Server consolidation has been the focus of virtualization, requiring hardware abstraction to create an environment that can run multiple operating systems. Applications run on virtual machines abstracted away from the hardware. Virtualization may reduce the number of physical servers that have to be managed, but the number of operating systems remains the same, or it may even grow, given the ease at which new systems can be instantiated.
There is no question that virtualization offers major benefits in terms of improved administrator productivity, dramatically lowering the time required to bring up new applications in production, and simplifying the test and development process. However, strictly from the standpoint of lowering operational costs, the benefits of virtualization materialize somewhat indirectly.
The ideal consolidation approach is to host multiple workloads within the scope of a single OS, with some form of workload management tool providing the necessary management of resources. In this case, consolidation lowers operational costs by reducing the number of operating environments that administrators have to manage.
Containerization allows a customer to run multiple copies of the same application and provides greater consolidation density. While similar in concept, virtualization and containerization differ significantly in how they enable multi-tenancy and server consolidation. Virtualization provides a virtualized hardware environment where a guest OS is able to run one or more applications. On the other hand, a container host merely provides a logically isolated runtime environment for the application within the same OS instance. Containers, unlike virtual machines, do not require the overhead of booting, managing and maintaining a guest OS environment. For example, see my blog about Docker.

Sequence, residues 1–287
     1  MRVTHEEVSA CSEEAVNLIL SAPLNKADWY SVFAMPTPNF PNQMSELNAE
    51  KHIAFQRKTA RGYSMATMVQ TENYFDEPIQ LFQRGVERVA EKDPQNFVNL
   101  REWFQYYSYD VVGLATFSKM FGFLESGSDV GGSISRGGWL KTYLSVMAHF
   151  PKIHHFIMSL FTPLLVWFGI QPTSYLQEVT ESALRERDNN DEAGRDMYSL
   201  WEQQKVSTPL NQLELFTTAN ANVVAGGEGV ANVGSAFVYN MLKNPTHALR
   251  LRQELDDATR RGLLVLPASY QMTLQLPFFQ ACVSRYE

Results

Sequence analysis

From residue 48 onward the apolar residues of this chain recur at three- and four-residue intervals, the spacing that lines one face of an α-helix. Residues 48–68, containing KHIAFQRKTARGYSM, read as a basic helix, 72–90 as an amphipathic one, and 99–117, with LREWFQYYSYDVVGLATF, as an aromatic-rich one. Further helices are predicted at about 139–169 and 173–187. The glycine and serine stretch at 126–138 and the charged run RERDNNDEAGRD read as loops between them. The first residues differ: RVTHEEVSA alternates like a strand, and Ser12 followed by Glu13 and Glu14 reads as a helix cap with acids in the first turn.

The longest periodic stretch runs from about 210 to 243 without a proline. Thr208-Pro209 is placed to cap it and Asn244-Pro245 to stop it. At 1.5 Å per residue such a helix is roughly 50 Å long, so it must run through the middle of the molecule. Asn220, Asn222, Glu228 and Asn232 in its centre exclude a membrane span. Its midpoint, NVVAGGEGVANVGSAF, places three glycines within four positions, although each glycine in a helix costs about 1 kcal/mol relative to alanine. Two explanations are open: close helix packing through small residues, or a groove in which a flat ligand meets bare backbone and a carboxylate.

Database consolidation does not mean placing all of your databases into virtual machines. Virtualization, in many cases, replaces physical silos with virtual silos. That does not reduce your IT complexity.
According to the IT Infrastructure Library (ITIL) a Configuration Item (CI) is defined as any component that needs to be managed to deliver an IT service.
For example, consider how many CIs are present in a data center with 8 databases, each running in its own dedicated environment. There are 8 database environments, 8 operating system images and 1 machine. That is 17 CIs that need to be managed, monitored, patched, and backed up. And that is saying nothing about the average utilization of these assets. We can consolidate the 8 dedicated database environments into a single system installed in multiple-container mode with 8 multitenant database containers. In this example we have reduced our CIs to 3. Database patching and backup are done at the single system level.
SAP HANA system with multitenant database containers feature can contain multiple tenant databases. All tenant databases in the same system share the same system resources (memory and CPU Cores). However, each tenant database is fully isolated with its own database users, catalog, repository, persistence (data files and log files) and database services so that for example, you can run both SAP Business Suite and SAP Business Warehouse (BW) in one SAP HANA system.
With multitenant database containers, you can assign system resource limits (memory and CPU cores) to each tenant database so that higher workload on one tenant database cannot impact other tenant databases. You can also change the allocated resources at any time, based on changing needs of each tenant database. For example, if an SAP Business Suite and SAP BW run on one SAP HANA system, you can increase the resources for the SAP BW during month-ends when there is a need for more reports out of the SAP BW system. You also get the flexibility to backup and recover all tenant databases at once or single tenant database at a time. This means, by running multiple tenant databases in one SAP HANA system and managing them as one, you can lower capital expenditure with better utilization of system resources and operating expenditure with simplified database maintenance.
And yet another thing – You sometimes hear the statement that cloud computing is synonymous with consolidation. It is not! Consolidation is a cornerstone of cloud computing, but the enterprise cloud offers so much more.